Charlottesville, Virginia , United States The past decade has been one of tremendous growth for the University of Virginia. At the same time, the University holds a strong commitment to sustainability, one that is demonstrated in its governance, culture, academics, and operations, and backed by aggressive goals such as a 25% reduction in greenhouse gases and nitrogen from 2009 levels by 2025. In working towards those goals, the University of Virginia seeks to improve the performance and sustainability of campus utility facilities. As part of a larger utility master planning effort led by Affiliated Engineers, Inc., Biohabitats identified infrastructure pinch points and opportunities to address ineffective and inefficient systems in ways that yield higher performance and greater sustainability, and engender environmental stewardship. In the process, Biohabitats is helping the University to meet newer, more stringent MS4 permitting requirements tied to local watershed and Chesapeake Bay TMDLs. Biohabitats began by performing hydrologic modeling of the campus and conducting nutrient loading analysis and quantification. Field reconnaissance efforts identified potential retrofit opportunities. This, coupled with analysis of future redevelopment scenarios,enabled Biohabitats and the University to shape an implementation strategy for the University to pursue into the future to meet and exceed stormwater permit requirements. This information was then integrated into the University’s utilities GIS layers to facilitate and optimize coordination of capital projects across all utilities. In this way, the utilities master plan is a live, interactive, GIS-based tool that can be updated in real time to reflect the University facilities’ progression toward true sustainability. Biohabitats also prepared a water budget analysis at both campus and district scales, looking at opportunities for integrated water strategies that explore the potential for rainwater harvesting and onsite wastewater treatment as potential sources for energy system water demands.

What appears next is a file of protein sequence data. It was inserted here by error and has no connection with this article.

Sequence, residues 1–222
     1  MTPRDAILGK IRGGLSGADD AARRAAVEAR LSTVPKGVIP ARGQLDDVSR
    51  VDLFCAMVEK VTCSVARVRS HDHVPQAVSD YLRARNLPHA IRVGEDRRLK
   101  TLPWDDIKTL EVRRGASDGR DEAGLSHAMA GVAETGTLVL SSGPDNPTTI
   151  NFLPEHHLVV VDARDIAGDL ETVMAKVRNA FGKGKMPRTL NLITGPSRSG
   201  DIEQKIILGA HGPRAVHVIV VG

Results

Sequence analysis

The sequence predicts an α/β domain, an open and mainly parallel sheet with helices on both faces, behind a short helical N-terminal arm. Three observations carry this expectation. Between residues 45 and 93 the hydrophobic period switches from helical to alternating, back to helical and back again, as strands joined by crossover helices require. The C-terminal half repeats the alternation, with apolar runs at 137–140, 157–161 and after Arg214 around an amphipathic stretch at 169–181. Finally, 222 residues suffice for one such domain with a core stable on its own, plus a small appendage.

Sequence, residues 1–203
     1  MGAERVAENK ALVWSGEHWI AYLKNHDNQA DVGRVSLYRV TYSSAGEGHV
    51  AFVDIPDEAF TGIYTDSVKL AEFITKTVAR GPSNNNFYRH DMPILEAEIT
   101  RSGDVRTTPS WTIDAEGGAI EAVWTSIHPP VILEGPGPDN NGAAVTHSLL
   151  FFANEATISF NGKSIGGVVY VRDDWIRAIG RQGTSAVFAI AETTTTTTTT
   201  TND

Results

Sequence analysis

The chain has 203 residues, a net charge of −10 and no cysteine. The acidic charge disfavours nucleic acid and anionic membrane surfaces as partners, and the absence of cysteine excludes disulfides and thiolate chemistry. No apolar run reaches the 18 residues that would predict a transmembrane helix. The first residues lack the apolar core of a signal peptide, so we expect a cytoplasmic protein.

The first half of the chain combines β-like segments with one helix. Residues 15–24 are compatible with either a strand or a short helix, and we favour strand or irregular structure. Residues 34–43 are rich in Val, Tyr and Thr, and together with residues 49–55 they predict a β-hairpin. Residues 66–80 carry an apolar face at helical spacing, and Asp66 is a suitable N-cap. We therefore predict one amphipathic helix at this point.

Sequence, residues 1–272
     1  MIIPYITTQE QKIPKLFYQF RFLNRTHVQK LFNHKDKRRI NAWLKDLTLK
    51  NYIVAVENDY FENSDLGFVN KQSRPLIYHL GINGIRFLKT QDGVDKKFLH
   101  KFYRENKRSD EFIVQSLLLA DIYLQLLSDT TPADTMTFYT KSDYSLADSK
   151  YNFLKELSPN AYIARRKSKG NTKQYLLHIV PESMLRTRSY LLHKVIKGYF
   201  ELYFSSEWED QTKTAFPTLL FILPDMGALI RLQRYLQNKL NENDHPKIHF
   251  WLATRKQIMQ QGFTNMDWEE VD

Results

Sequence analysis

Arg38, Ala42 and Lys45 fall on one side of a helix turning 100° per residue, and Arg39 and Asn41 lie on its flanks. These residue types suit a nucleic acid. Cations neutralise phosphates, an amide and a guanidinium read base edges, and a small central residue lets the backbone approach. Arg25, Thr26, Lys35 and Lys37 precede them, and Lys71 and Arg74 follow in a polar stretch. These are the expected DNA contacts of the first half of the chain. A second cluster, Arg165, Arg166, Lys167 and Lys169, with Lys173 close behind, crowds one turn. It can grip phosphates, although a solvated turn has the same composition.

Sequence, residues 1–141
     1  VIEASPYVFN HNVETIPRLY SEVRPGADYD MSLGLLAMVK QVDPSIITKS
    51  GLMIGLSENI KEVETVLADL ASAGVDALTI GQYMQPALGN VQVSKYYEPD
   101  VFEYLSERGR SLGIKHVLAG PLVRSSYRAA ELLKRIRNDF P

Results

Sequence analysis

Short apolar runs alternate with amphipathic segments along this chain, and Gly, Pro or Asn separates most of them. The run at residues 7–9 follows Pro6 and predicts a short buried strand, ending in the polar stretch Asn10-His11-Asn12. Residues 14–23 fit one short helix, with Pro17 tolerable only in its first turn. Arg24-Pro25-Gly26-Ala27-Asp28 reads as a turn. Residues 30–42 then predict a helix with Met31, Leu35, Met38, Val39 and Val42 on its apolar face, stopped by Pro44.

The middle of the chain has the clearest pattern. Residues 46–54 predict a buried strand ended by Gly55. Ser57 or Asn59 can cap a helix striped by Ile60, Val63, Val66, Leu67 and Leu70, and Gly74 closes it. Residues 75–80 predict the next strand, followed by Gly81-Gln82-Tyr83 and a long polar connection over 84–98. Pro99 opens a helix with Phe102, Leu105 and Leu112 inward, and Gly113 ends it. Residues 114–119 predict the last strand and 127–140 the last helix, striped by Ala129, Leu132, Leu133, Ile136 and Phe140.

|UVA Campus Utilities Stormwater Master Plan||Chesapeake / Delaware Bays Bioregion,||Conservation Planning, Integrated Water Strategies,||Charlottesville, Virginia, United States||featured-project featured|
|Yale Divinity School Regenerative Village|| |